Searching for a home close to all of the outdoor attractions and fun community events around Portland? Our team is here to help. Contact us to buy and sell homes throughout the Portland, OR area.

July
12

Picnic Spots Throughout Seattle

Picnic Spots Throughout Seattle

With a city surrounded by water and mountains, is it any wonder that outdoor dining is so popular in Seattle? Pack a basket or grab some carryout and visit one of these amazing picnic spots around Seattle recommended by our brokers

  • Waterfall Garden Park - 219 2nd Ave. S., Seattle, WA 98104
    An urban picnic area may sound like an oxymoron, but Seattle is full of such unconventional delights. Waterfall Garden Park is tucked into an unobtrusive 60-by-80-feet spot in historic Pioneer Square. Until 1975, the site held the headquarters of United Parcel Service. Today, the charming park includes a 22-foot man-made waterfall and a dual-level patio with tables and chairs, making it a wonderful place for a lunch hour picnic or reading break. Park hours are 8 a.m. - 3:45 p.m. daily.

  • Green Lake Park - 7201 E. Green Lake Dr., Seattle, WA 98115
    The area around Green Lake Park features some of the most desirable Seattle homes for sale, and it's not hard to see why. Who wouldn't want to live just down the street from a beautiful three-acre lake surrounded by lush green space? The neighborhood is full of great restaurants, delis, and sandwich shops where you can pick up a picnic-friendly meal. Work up an appetite or work off some calories with swimming at the lifeguard-patrolled beach or a walk along the 2.8-mile path that circles the lake. Bring along a guidebook to identify the numerous birds and waterfowl you're sure to see. Green Lake Park is open 24/7.

  • Dr. Jose Rizal Park - 1007 12th Ave. S., Seattle, WA 98144
    Seattle has one of the most iconic skylines in the country. Take in some incredible views of downtown and Puget Sound during your picnic at Dr. Jose Rizal Park on Beacon Hill. With nearly 10 acres of grounds, including reservable picnic areas, the park can accommodate groups of any size. Be sure to bring Fido along and spend some quality time at the off-leash dog area. Park hours are 4 a.m. - 11:30 p.m., seven days a week.

  • Gas Works Park - 2101 N. Northlake Way, Seattle, WA 98103
    When someone in Seattle says, "Go fly a kite," people immediately head to Gas Works Park. The 19.1-acre site, once the home of the Seattle Gas Light Company plant, is listed on the National Register of Historic Places. Kite-flying on the park's spacious hills is a local ritual, while remnants of the original facility are incorporated into a play barn that's a favorite of families. Watch seaplanes land and take off from Lake Union against the backdrop of the downtown skyline. Gas Works Park is open daily from 6 a.m. - 10 p.m.

  • Washington Park Arboretum - 2300 Arboretum Dr. E., Seattle, WA 98112
    Nature is on display in all its glory at Washington Park Arboretum, a 230-acre extravaganza of gardens, wetlands, and wooded areas. The grounds contain 5,500 different plants from all corners of the world, including one of the top Japanese maple tree collections. Choose your favorite points of interest and create your own walking tour along the numerous trails. Print one of the seasonal scavenger hunts from the website and see how many items kids can find. Leashed dogs are welcome at the arboretum. Hours are dawn - 8 p.m. daily, and admission is free.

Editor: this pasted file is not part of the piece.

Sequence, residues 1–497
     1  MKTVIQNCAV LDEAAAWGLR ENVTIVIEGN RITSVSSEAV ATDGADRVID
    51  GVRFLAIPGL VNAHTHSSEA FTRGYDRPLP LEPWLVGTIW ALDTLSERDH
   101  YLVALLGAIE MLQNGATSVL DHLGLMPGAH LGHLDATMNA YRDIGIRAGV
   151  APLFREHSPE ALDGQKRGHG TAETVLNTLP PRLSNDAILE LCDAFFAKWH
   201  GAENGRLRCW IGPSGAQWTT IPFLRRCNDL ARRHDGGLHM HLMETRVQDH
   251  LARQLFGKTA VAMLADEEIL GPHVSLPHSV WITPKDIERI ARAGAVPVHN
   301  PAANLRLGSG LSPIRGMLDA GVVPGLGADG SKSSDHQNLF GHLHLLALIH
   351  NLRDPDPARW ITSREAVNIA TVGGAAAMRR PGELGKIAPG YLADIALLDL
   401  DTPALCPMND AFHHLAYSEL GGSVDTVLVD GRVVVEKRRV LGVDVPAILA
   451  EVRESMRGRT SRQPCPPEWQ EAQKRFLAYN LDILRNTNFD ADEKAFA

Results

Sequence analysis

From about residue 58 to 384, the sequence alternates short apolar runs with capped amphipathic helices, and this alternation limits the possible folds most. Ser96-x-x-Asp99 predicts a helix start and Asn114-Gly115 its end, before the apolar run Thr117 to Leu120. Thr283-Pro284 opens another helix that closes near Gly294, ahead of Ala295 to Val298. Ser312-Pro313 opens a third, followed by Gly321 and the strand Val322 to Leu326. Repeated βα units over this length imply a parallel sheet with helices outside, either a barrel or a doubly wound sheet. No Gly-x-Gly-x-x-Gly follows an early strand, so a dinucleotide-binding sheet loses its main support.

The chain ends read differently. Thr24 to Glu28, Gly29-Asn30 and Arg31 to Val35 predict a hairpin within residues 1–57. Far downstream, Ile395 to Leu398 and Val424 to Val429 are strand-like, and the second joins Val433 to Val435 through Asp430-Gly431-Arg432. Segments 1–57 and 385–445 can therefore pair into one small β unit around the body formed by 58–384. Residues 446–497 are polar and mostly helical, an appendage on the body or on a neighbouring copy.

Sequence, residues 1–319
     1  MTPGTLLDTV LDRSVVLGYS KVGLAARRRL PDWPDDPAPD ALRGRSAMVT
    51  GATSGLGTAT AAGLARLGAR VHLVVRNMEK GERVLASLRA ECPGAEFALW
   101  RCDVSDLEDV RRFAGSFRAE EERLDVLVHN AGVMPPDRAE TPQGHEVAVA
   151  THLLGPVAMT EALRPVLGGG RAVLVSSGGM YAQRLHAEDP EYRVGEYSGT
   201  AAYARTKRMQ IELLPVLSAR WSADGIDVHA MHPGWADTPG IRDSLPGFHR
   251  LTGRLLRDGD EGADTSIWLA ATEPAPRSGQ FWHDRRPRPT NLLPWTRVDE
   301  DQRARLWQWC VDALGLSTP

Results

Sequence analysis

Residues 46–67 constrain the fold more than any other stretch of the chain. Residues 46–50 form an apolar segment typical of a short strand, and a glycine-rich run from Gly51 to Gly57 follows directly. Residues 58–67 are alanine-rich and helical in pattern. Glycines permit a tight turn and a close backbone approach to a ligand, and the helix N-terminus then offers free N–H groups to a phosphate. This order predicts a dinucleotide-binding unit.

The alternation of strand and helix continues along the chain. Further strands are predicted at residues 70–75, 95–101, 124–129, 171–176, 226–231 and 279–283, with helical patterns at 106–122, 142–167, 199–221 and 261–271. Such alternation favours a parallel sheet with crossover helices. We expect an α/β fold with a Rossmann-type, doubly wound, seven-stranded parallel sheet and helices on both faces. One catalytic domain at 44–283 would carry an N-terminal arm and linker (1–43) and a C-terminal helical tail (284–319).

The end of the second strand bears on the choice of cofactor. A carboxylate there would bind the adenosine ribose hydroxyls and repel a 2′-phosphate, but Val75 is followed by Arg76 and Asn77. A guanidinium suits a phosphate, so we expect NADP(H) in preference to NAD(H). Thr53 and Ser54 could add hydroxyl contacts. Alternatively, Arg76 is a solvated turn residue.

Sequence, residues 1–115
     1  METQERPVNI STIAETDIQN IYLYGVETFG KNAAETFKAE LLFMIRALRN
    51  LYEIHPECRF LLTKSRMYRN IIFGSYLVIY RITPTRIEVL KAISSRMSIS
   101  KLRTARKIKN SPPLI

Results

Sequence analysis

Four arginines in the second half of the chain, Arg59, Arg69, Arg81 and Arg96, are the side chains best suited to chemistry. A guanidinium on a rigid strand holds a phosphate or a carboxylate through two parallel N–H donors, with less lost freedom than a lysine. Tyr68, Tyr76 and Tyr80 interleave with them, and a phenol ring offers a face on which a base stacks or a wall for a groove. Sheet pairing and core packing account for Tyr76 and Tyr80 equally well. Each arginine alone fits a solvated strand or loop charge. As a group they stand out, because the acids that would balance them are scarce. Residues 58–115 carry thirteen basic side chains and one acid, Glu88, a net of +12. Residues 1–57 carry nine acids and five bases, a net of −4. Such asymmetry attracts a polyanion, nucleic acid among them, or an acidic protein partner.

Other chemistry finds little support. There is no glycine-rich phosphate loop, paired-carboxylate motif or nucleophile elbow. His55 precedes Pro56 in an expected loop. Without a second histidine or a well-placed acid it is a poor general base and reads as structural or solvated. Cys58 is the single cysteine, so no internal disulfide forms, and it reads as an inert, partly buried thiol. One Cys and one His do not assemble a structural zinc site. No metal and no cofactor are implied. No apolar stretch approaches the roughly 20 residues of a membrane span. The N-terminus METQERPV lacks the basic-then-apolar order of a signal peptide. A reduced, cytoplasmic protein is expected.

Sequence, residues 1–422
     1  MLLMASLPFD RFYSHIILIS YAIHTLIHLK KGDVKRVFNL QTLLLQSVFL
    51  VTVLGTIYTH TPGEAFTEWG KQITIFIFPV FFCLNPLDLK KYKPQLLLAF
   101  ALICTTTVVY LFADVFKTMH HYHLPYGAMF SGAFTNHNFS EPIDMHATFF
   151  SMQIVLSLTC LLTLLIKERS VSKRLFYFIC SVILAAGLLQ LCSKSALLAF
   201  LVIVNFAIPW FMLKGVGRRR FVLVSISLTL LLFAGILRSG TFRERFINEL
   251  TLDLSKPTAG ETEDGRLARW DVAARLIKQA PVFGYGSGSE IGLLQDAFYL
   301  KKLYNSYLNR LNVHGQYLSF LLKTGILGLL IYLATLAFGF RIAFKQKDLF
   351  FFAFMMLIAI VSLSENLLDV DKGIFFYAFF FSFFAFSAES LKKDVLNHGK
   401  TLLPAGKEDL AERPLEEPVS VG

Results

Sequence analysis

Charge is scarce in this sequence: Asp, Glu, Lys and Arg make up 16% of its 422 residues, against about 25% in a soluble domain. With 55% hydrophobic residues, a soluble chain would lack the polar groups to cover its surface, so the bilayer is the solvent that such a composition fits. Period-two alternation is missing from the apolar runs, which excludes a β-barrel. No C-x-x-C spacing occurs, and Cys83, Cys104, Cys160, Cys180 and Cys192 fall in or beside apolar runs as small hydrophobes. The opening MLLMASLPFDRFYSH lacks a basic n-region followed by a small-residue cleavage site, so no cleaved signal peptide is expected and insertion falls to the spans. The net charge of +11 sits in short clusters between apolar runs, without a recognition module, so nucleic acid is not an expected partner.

• Carkeek Park - 950 NW Carkeek Park Rd., Seattle, WA 98177
    Washington state is known for apples because of spots like historic Piper's Orchard in Carkeek Park. Six miles of trails lead to the orchard, as well as spectacular views of Whidbey Island and the Olympic Mountains. The salmon-themed playground plays tribute to another notable product of the state. Check out the tide pool beach at low tide, when you can walk hundreds of feet out into Puget Sound. Park hours are 6 a.m. - 10 p.m. daily.

  • Woodland Park Rose Garden - 750 N. 50th St., Seattle, WA 98103
    With 2.5 acres filled with nearly 3,000 roses, Woodland Park Rose Garden is perfect for a romantic picnic for two or a delightful family outing. The garden is one of only two dozen American Rose Test Gardens in the country, displaying new hybrids before they're available to the public. Fun fact: since the garden went pesticide-free in 2006, the flowers have been used to feed animals in adjoining Woodland Park Zoo. Hours are 7 a.m. - 10 p.m. daily, and admission is free.

Picnics don't get more exclusive than the ones you hold in the backyard of your Seattle home. Have questions about buying or selling real estate? Contact us at Coldwell Banker Bain for cheerful and experienced help.

June
14

Nature Photography Day: Picturesque Parks Around Portland

Parks in Portland

Portland regularly ranks among the most beautiful cities in the United States, in large part thanks to its incredible natural scenery. What better place to celebrate Nature Photography Day on Tuesday, June 15? Our real estate agents will be taking their cameras to these stunning parks that are just minutes from Portland homes for sale.

  • Leach Botanical Garden - 6704 SE 122nd Ave., Portland, OR 97236
    Called Portland's "little jewel," Leach Botanical Garden is named after the couple who bequeathed their property to the city. Lilla Leach, an award-winning botanist, wanted their beloved home to live on as a garden and museum. The 16-acre grounds, once known as "Sleepy Hollow," are full of stunning flowers, trees, and plants that make for amazing photo opportunities. Admission is free, although donations are welcome, but tickets must be reserved in advance. Hours are 10 a.m. - 5 p.m. Tuesday through Sunday.

  • Peninsula Park - 700 N. Rosa Parks Way, Portland, OR 97217